Who Is Covered

Regulation Best Interest applies to associated persons registered with a broker-dealer (even if the broker-dealer itself is a dual-registrant or affiliated with an investment adviser) and may apply to a dually-registered person, i.e., an associated person of a broker-dealer  who also is a supervised adviser of an investment adviser, if the person was acting as a broker at the time of the recommendation and in connection with any securities transactions in a brokerage (as distinguished from an advisory) account.[8]

Disclosure Obligation

Under Regulation Best Interest, prior to or at the time of making a “recommendation” to a retail customer, broker-dealers and their associated persons must provide (in writing) the retail customers with the “all material facts relating to the scope and terms of the relationship with the retail customers; and all material facts relating to conflicts of interest that are associated with the recommendation.”  To some broker-dealers and associated persons, these disclosure obligations may not appear to impose significant, new requirements, but the quality and scope of the additional disclosures is significant for independent broker-dealers with limited back office, operations and supervisory staff.  The resource commitment of these new obligations effectively scales up for broker-dealers (typically independent broker-dealers) with business model platforms that are decentralized and rely on offices of supervisory jurisdiction (“OSJ”) to carry out supervisory responsibilities over a network of geographically dispersed, single-person and multi-person branch offices that engage in retail sales and where the securities activities at such discrete locations may be diverse and complex.

Importantly, although the “Best Interest” standard is not a per se fiduciary standard, Regulation Best Interest does employ fiduciary concepts applicable to registered investment advisers.  Thus, with respect to the “scope and terms of the relationship,” Regulation Best Interest requires broker-dealers to expressly advise the retail customer if the firm and associated person will monitor customer accounts and the frequency of such activities.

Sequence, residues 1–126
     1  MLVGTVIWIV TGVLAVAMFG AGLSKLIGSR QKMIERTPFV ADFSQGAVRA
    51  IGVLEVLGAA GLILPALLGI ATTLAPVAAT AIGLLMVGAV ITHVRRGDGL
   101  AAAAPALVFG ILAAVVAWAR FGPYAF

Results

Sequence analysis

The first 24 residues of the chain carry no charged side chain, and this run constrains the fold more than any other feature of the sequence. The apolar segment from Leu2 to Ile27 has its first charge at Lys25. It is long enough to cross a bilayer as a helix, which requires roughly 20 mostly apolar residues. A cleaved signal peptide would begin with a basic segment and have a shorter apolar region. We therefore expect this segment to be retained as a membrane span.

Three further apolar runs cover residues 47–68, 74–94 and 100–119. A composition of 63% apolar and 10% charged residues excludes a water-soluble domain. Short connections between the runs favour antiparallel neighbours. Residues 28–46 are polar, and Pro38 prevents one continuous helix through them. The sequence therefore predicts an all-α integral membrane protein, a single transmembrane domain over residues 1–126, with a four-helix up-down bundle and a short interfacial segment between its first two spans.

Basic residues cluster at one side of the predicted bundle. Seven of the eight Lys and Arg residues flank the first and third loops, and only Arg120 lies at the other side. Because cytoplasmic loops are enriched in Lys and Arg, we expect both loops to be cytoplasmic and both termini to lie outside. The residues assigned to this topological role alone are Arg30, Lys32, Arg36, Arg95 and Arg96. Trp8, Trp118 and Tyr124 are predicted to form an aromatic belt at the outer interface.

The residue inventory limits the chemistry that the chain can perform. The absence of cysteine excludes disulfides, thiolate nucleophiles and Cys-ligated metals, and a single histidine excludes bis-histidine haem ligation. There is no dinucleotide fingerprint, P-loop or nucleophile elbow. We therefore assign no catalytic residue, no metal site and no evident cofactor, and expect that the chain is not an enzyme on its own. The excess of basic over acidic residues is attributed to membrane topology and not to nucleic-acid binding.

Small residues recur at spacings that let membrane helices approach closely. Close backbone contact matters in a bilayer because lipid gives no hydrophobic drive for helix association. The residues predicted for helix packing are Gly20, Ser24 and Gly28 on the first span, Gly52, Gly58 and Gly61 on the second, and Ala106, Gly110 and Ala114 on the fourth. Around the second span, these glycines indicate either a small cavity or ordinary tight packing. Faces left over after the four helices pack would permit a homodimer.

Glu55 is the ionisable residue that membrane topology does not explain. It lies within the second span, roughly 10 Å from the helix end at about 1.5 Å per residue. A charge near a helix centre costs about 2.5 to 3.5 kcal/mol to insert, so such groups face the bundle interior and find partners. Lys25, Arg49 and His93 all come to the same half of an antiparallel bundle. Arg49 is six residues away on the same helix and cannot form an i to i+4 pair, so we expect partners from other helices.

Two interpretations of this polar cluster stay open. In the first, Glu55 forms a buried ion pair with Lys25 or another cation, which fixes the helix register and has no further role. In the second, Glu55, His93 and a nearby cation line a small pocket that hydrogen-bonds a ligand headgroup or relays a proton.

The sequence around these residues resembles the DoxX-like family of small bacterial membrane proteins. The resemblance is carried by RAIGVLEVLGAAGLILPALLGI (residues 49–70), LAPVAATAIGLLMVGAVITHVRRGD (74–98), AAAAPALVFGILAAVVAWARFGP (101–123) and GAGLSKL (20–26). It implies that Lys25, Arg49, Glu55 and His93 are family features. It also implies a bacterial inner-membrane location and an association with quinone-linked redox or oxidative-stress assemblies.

Broker-dealers must disclose the capacity in which they are making recommendations to their retail customers – as a broker, dealer or an associated person of a broker-dealer.  Firms must disclose their material fees and costs that apply to the retail customer’s transactions and account.  Firms must disclose the type and scope of services to be provided to the retail customer, including any material limitations on the securities or investment strategies that may be recommended to the retail customer, such as, by way of illustration only, the requirement that an associated person recommend only proprietary products of his broker-dealer or products of a specific sponsor to the retail customer.

The Disclosure Obligation also requires broker-dealers and associated persons to disclose all material facts relating to conflicts of interest associated with the recommendation.  As every broker-dealer knows, there is no single, “bright line” test for an alleged conflict of interest, but, generally, one should consider it anything that “might incline a broker, dealer, or a natural person who is an associated person of a broker or dealer – consciously or unconsciously – to make a recommendation that is not disinterested.”  Again, examples could include proprietary products, high commission products, sellers’ agreement incentives and other forms of cash and in-kind incentives common to alternative investment asset classes and their issuers and sponsors.  This is not an exhaustive list.  Regulation Best Interest makes clear that precise disclosure of these conflicts, together with WSPs that identify and map these conflicts, are critical tools for broker-dealers to manage and mitigate such conflicts of interest.[9]

Finally, for Regulation Best Interest disclosure purposes, broker-dealers and their associated persons should regard information to be “material” if there is a substantial likelihood that a reasonable retail customer would consider it important.

OCIE guidance makes clear that its examining staff may assess how each broker-dealer endeavors to comply with the Regulation’s Disclosure Obligation element.  In particular, OCIE may review the content of the disclosures for materiality and clarity and review documents such as:

  • Schedules of fees and charges assessed against retail customers and disclosures regarding such fees and charges, including disclosures regarding the fees and costs related to services and investments that retail customers will pay or incur directly and indirectly (g., custodian fees, account maintenance fees, fees related to mutual funds and variable annuities, and other transactional fees and product-level fees);